Soul music is the soundtrack to my life so when I heard that ‘Pleasure Sensitive 2’, the new CD from bass player Tony Whitfield, features not one but two versions of the Van McCoy classic ‘The Hustle’ I wanted to review it for that reason alone. It’s a tune that for me evokes many memories but in checking it out I found that ‘Pleasure Sensitive 2’ is anything but a one trick pony. In fact it’s an excellent collection of edgy smooth jazz and fusion played by a collective of top notch musicians and notable guests.
‘The Hustle’ is obviously special to Whitfield too as he dresses it down and renames it the ‘New York Hustle’ in honor of the 9/11 outrage. In fact his instrumental version is remarkably faithful to the original although he does allow himself to cut loose in its latter stages. When later in the album he reprises the ‘New York Hustle’ with the addition of rap it doesn’t really do anything to enhance the tune but it does demonstrate his love for the city and tangibly tightens the songs link to the twin tower tragedy. Both versions are enhanced by the guest performance of the Jerry Hey Horn Section with their classic blend of two trumpets, sax and trombone. Incidentally, Hey, who has worked with everyone from Paul McCartney to Stevie Wonder, is also credited with introducing producer Paul Brown to his current passion for collecting fine wine.
Whitfield’s sensitive handling of ‘The Hustle’ is wise as the original has iconic status in the annals of 70’s disco and its composer has some remarkable credits to his name. Van McCoy was born in Washington, DC on January 6, 1940 and penned a series of hits for other artists including, ‘I Get the Sweetest Feeling’ for Jackie Wilson, ‘When You're Young and in Love’ for Ruby & the Romantics and ‘Getting Mighty Crowded’ for Betty Everett. With his then-girlfriend Kendra Spotswood, he also wrote, produced, and performed a series of pseudonymous singles, including the Pacettes ‘You Don't Know Baby’ and Jack & Jill's ‘Two of a Kind’. Under the name of Sandi Sheldon, Spotswood also recorded the McCoy-penned floor filler ‘You're Gonna Make Me Love You’ that went on to become a classic of Britain's Northern Soul club scene. Despite all that McCoy found solo success elusive and when his 1972 LP ‘Soul Improvisations’ flopped it did nothing to enhance his prospects. Expectations were similarly low for his 1975 release on Avco titled ‘Disco Baby’. The last track to be recorded for the album was ‘The Hustle’. McCoy wrote it after hearing about the dance from New York City disc jockey David Todd, and the song, written in under an hour, went on to top the Billboard pop charts in July 1975. Despite having a Top Ten R&B hit with ‘Change With The Times’ that same year his solo follow ups never again fired the listening publics imagination in the way that ‘The Hustle’ had done. After going back behind the scenes as a writer and producer Van McCoy died of a massive heart attack on July 6, 1979, exactly six months before his 40th birthday.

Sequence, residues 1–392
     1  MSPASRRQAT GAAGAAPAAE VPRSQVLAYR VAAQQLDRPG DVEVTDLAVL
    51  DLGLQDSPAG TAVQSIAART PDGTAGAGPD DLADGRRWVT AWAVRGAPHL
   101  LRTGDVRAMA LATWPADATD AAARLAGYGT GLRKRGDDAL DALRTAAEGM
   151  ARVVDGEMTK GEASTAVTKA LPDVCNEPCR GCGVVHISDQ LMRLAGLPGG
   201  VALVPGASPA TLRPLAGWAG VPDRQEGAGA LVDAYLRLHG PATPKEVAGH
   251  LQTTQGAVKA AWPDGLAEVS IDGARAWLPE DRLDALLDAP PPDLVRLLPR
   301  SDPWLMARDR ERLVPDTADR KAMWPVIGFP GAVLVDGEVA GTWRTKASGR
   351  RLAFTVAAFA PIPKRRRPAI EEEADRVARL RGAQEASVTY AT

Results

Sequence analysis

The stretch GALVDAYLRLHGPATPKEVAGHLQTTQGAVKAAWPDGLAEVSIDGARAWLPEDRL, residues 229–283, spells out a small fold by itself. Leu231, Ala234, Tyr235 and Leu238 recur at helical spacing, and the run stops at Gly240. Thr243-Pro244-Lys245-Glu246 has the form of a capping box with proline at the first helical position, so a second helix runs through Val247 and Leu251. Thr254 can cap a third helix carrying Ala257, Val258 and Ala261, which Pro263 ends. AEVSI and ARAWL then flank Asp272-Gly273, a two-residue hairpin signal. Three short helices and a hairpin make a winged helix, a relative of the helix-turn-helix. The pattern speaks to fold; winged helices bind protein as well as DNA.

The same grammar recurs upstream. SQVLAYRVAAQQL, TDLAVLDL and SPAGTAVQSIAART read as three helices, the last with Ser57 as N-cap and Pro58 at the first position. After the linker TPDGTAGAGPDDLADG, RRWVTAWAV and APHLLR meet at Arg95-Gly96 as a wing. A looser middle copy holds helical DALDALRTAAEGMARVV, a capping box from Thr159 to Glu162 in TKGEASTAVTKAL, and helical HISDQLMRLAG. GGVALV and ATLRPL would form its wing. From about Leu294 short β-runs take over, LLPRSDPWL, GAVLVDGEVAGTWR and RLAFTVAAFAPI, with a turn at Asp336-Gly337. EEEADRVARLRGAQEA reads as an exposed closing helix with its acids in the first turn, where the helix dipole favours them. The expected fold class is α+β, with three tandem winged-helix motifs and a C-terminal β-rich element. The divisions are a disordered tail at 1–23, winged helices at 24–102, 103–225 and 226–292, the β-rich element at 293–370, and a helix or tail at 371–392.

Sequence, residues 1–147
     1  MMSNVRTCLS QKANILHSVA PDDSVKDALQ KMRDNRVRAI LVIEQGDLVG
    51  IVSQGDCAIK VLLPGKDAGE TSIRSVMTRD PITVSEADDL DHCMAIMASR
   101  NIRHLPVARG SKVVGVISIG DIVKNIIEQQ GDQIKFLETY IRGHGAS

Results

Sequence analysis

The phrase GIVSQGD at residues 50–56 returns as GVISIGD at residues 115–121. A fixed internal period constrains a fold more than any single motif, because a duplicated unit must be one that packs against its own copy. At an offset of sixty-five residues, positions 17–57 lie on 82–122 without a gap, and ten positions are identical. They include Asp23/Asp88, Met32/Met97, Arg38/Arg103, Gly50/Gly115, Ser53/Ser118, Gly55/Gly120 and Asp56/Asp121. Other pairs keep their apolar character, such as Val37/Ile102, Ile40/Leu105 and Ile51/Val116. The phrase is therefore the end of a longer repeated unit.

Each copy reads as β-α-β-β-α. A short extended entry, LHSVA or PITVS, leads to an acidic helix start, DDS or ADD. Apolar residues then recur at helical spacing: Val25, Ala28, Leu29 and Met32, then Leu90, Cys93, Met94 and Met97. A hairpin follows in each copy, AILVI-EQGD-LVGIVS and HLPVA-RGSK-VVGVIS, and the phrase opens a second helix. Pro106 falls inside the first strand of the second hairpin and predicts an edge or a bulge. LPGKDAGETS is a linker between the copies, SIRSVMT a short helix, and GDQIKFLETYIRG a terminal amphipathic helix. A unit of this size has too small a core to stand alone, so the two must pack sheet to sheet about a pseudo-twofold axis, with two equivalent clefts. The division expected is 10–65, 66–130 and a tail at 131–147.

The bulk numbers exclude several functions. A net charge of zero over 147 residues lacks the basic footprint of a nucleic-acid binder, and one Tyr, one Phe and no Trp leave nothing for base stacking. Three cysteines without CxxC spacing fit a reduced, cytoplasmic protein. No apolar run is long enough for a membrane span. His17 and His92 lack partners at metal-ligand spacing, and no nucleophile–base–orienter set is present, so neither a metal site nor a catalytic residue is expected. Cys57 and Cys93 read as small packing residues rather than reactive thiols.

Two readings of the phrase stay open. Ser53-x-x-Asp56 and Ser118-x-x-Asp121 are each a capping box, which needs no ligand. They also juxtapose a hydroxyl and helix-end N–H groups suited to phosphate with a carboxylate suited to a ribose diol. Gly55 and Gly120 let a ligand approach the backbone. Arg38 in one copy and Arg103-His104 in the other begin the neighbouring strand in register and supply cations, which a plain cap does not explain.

With ‘Pleasure Sensitive 2’ Whitfield is helping the McCoy memory endure and sets his version of ‘The Hustle’ alongside nine excellent compositions of his own. It’s a collection that runs the full gamut between smooth jazz and R & B yet, although Whitfield demonstrates an obvious love for big brassy and funky productions, he still finds time to show off his smoother side. ‘42nd Street’, with Saul Miller blowing up a storm on sax, is a half way house between those two extremes and could be classed as smooth jazz with an edge while the only vocal track on the album, ‘Baby Come Home’, is excellent smooth R & B that benefits from another great Saul Miller sax solo.
For the title track, which Whitfield precedes with a nice 34 second bass intro, he uses the Airmen Of Note Horn Section to engender a big band swing then intertwines it with the smooth jazz piano of Onaje Allan Gumbs. Its one of the highlights of the whole CD but even better is ‘Jarreau’s Journey’, a quiet and melodic tribute to one of his mentors.
Throughout the album Whitfield reveals his ability to take a simple hook and then repeat it to sensational effect. ‘Mystic Ways’ is replete with this skill and as the big and uplifting smooth jazz introduction drives on into the heart of the track it is spiced, in degrees, first by the rippling bass line of Whitfield and then by wonderful funky keys from Elliot Levine. He does it again on ‘Sneak’en’ that has the same big smooth jazz beginning that this time Whitfield transforms into a top notch play out track.
Best tune on the CD is the smooth jazz masterpiece ‘Hold On’. Relaxing yet atmospheric, haunting yet understated, this is a track you just might want to put on and play all day long.
Tony’s music is already being heard on WHUR 96.3 FM, Washington DC and a feature on ‘Pleasure Sensitive 2’ appears in the December 17 issue of Billboard magazine. For news of how you can add to his rapidly growing fan base go to www.tonywhitfieldjazz.com.